3. Among the great stumbling-blocks of our day are the difficulties families and teachers face as they strive to pass on to younger generations the human, moral and spiritual values that will enable them to be men and women who will want an active role in society and to live a life worthy of their dignity as persons. In the same vein, handing on the Christian message and its values, which help people to be coherent in the decisions they make and in the way they live, is a challenge that all ecclesial communities are called to take up, especially in the field of catechesis and in the formation of catechumens. In other ages – in Saint Augustine’s time, for example, or, more recently, throughout the 20th century, when one could use the contributions of so many Christian philosophers – we learned to base what we said and the way we approached evangelisation on sound anthropology and sound philosophy. In fact, it is only when philosophy opens up to Christ that the Gospel really will start to spread to all nations. Everyone involved in running educational systems now urgently needs to make a serious study of anthropology in order to understand who the human person is and what he or she lives by. Families really need to be backed up by educators who will respect their values and help them to reflect on the fundamental questions young people are asking, even if this seems to go against what contemporary society proposes. In every age there have been men and women with the prophetic courage to make the truth shine forth. This same attitude is still needed today.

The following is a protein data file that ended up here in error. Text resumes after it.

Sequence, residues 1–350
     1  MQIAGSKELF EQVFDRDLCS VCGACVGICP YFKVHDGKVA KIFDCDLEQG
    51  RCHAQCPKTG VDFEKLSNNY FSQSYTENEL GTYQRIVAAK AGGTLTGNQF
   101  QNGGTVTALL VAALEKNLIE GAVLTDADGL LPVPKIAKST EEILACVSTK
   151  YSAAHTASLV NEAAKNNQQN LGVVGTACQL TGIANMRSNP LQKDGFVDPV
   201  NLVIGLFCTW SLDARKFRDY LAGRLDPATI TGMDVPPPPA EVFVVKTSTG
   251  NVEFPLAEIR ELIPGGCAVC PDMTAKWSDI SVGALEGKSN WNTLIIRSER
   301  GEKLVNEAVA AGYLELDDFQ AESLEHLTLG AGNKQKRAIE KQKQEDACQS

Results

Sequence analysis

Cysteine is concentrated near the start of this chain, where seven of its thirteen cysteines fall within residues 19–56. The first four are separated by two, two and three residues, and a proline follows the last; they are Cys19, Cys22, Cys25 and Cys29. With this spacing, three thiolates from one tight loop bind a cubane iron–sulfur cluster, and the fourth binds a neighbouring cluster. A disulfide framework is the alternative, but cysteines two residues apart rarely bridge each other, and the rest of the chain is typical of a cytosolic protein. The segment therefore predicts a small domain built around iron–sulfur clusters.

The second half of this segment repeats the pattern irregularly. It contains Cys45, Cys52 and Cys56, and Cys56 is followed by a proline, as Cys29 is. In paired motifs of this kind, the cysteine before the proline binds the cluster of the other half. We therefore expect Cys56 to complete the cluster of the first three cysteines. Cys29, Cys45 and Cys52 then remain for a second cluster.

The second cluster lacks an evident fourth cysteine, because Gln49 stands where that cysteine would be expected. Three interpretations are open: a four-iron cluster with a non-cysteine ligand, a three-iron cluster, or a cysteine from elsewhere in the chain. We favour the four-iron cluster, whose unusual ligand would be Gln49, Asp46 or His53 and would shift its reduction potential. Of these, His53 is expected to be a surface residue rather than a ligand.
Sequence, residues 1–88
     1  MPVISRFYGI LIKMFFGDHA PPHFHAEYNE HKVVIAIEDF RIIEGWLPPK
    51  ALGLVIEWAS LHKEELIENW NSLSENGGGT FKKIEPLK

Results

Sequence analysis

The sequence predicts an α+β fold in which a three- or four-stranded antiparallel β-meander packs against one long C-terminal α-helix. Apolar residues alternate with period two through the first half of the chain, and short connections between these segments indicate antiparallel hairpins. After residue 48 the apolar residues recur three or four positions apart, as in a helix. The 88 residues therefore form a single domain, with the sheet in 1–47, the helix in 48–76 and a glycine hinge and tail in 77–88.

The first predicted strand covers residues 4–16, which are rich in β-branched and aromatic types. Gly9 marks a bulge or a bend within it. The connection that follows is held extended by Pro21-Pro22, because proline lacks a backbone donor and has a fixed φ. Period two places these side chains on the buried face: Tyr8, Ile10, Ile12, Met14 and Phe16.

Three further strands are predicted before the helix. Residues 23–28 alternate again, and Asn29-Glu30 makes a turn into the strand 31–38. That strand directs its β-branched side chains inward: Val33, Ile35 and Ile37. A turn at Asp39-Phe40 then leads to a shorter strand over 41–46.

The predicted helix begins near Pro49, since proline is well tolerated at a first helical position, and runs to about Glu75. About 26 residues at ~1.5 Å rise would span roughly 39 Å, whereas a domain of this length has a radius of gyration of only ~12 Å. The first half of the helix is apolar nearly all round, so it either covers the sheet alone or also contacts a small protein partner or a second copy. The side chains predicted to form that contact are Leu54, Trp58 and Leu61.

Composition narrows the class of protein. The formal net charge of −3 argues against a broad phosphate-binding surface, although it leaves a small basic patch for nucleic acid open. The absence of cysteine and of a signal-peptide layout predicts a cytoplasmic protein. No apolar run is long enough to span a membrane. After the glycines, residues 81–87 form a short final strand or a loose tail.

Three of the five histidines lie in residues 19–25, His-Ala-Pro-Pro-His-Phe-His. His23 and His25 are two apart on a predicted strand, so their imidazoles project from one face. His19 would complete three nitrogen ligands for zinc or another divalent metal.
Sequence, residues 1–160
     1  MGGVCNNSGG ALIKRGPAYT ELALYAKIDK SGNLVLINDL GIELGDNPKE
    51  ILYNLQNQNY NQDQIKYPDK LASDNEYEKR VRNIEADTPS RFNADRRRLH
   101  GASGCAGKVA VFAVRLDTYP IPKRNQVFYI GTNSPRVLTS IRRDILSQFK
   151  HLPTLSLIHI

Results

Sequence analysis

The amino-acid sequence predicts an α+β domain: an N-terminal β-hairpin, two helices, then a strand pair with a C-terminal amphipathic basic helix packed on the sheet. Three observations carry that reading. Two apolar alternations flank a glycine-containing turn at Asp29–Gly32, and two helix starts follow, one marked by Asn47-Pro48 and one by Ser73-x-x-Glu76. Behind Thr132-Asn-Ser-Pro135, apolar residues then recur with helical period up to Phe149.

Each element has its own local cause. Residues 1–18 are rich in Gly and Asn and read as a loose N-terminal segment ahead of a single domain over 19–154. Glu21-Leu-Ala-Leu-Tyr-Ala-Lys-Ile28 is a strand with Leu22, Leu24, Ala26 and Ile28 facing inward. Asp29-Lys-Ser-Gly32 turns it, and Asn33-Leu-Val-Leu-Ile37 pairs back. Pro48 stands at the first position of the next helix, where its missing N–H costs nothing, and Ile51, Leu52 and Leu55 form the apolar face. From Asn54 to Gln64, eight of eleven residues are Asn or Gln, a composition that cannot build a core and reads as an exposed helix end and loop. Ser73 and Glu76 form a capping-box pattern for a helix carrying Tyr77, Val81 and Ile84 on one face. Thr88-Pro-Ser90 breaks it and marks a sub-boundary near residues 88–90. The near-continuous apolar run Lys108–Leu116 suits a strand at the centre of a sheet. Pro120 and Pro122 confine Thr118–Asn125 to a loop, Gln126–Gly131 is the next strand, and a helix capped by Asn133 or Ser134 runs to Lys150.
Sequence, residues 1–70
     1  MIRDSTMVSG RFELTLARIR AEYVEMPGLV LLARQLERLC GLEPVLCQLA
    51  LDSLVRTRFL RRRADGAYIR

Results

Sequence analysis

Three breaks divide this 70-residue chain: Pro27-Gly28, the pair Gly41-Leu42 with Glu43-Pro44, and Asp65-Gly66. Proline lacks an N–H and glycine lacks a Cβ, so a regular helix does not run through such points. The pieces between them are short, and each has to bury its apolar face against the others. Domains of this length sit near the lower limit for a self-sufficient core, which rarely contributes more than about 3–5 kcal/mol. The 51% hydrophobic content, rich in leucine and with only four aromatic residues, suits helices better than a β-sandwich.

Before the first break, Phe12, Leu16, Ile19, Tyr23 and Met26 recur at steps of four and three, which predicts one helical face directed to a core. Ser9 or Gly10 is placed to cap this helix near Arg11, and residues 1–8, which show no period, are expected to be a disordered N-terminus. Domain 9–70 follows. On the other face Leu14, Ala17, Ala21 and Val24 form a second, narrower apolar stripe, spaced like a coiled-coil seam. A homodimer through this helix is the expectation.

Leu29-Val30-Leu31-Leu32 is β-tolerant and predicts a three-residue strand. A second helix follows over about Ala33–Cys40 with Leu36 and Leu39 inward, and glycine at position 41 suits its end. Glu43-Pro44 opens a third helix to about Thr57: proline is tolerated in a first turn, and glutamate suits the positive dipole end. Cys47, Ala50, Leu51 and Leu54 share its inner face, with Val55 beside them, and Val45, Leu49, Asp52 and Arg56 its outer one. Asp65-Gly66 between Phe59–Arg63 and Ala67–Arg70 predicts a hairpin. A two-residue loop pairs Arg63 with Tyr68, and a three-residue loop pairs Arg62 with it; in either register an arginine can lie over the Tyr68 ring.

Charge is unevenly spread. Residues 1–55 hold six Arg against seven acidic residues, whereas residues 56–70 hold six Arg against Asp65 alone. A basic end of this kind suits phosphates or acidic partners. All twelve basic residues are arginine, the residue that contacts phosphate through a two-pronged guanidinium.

The phenomenon of globalisation, which is a cultural fact of life today, is at once a difficulty and an opportunity. While it has a tendency to obliterate the specific identities of different communities and to reduce them to folklore memories of ancient traditions bereft of their original meaning and cultural and religious value, globalisation also helps to break down barriers between cultures and gives people the chance to meet and to get to know each other. At the same time, it obliges national leaders and people of good will to do their utmost to ensure that what is proper to individuals and cultures is respected, to guarantee the good of persons and nations, and to practise brotherhood and solidarity. Society as a whole is facing formidable questions about man and his future, especially in areas like bioethics, the use of the earth’s resources, and decisions on economic and political issues, so that the full dignity of human beings may be recognised and they may continue to play an active part in society and be the ultimate criterion for society’s decisions. The Church in no way seeks to take the place of those who are responsible for public affairs. She does hope to have a place in these debates, to keep people’s minds open to the light of the full meaning of what it is to be human, something that is etched into a person’s very nature. 

4. The Pontifical Council for Culture must continue its work and offer its help to bishops, to Catholic communities and to all the institutions that desire it, so that Christians will have the means to witness to their faith and their hope in a consistent and responsible fashion, and so that all people of good will may be involved in building a society that fosters the integrity of every person. The future of the human person and of cultures, the proclamation of the Gospel and the life of the Church depend on it.

May you contribute to a new awareness of the place of culture in the future of the human person and society, and in evangelisation, so that men and women may be freer and use their freedom in a responsible way! As you end your meeting, I entrust your mission to the Blessed Virgin Mary, and I gladly impart a special Apostolic Blessing to you, to everyone who works with you and to your loved ones.